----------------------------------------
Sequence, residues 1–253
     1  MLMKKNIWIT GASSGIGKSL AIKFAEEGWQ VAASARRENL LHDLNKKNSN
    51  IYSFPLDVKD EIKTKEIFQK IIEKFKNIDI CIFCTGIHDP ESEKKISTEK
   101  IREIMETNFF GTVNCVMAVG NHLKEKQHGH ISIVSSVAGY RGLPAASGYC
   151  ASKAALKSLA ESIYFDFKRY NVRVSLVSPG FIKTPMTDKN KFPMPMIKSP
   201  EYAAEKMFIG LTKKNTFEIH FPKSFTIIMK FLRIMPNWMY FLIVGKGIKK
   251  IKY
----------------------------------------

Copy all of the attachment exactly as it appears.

Sequence, residues 1–253
     1  MLMKKNIWIT GASSGIGKSL AIKFAEEGWQ VAASARRENL LHDLNKKNSN
    51  IYSFPLDVKD EIKTKEIFQK IIEKFKNIDI CIFCTGIHDP ESEKKISTEK
   101  IREIMETNFF GTVNCVMAVG NHLKEKQHGH ISIVSSVAGY RGLPAASGYC
   151  ASKAALKSLA ESIYFDFKRY NVRVSLVSPG FIKTPMTDKN KFPMPMIKSP
   201  EYAAEKMFIG LTKKNTFEIH FPKSFTIIMK FLRIMPNWMY FLIVGKGIKK
   251  IKY